Outside Pressures Threaten Isolated Amazon Cultures
By John Roach
for National Geographic News
|March 11, 2003|
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In April 2002, the government of Peru set aside more than 2 million acres (809,400 hectares) of remote jungle in the Amazon River Basin for the protection of indigenous people who live isolated from the outside world.
In theory, the reserve allows the Yora, Yine, and Amahuaca peoples to live as they have for thousands of years. They are believed to be migratory groups who survive by collecting seasonal resources, such as turtle eggs from exposed riverbanks in the dry season and Brazil nuts from trees in the forest in the rainy season.
"They are moving all of the time," said Enrique Ortiz, a program officer with the Gordon and Betty Moore Foundation in Washington, D.C.
Ortiz and colleague Doug McConnell, communications director at the foundation's San Francisco, California, headquarters, produced a five-part series currently airing on National Geographic Today about the plight of these people living in isolation from the outside world.
While the government of Peru believes it has a responsibility to protect and promote the well being of these ancestral communities in the Peruvian Amazon, setting aside such a large swath of land for them has met resistance from other Peruvian people who make a livelihood from the country's natural resources
Eduardo Salhuana, the congressional representative for Madre de Dios region where the territorial reserve was established, said the problem is that the good intention to protect these peoples living in isolation is not in tune with the social and economic reality of the region.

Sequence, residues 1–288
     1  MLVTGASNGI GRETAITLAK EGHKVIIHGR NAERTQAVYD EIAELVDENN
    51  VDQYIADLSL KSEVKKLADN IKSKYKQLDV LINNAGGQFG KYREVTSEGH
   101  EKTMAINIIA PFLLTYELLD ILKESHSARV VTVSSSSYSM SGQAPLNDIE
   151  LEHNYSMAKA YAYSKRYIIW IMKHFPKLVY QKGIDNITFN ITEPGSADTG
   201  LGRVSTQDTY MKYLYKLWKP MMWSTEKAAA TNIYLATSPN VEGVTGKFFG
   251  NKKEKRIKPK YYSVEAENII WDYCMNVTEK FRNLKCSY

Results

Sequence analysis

"As much as we can try to enact laws, create a reserve, we run the risk of it not being respected because the local populations find a way to extract the resources from the forest," said Salhuana in an interview with Ortiz and McConnell.
Indigenous rights groups say that the Indigenous and Tribal Peoples Convention, 1989, an agreement enacted by the United Nations (the number does not refer to a year, but rather a treatise number), gives indigenous peoples the right to control their own development and have their cultural and social values protected. Convention 169, as it is called, was entered into force by the UN Office of the High Commissioner for Human Rights in 1991 and ratified by Peru in 1994.
"In the case of isolated peoples, clearly they choose to remain in isolation and follow their own path of development," said Janet Lloyd, an anthropologist in Northumberland, England, who works with Amazon Watch, a California-based organization formed to protect indigenous peoples' rights.
Lloyd argues that the energy and timber industries seek to establish contact in order to integrate the indigenous peoples with modern society, thus freeing up the resources currently in the reserve for extraction and sale in the international market.
Currently, the greatest pressure on the people in the territorial reserve in Madre de Dios comes from loggers extracting tropical hardwoods such as mahogany. Demand for this resource is causing loggers to penetrate deep into the territorial reserve, which has resulted in violent confrontations.
"Since 1980, there has been an increase of loggers due to the wood products. They are dominating like a plague, a plague that is after the mahogany and cedar and is causing social unrest," Antonio Iviche, former president of the Native Federation of the Madre de Dios Region (FENAMAD), told Oritz and McConnell. Indigenous rights activists fear that contact with the loggers could lead to the spread of devastating diseases, such as influenza. Increased settlement in the area of the reserve also puts greater pressure on the reserve's hunting and fishing resources, reducing food sources for the isolated peoples.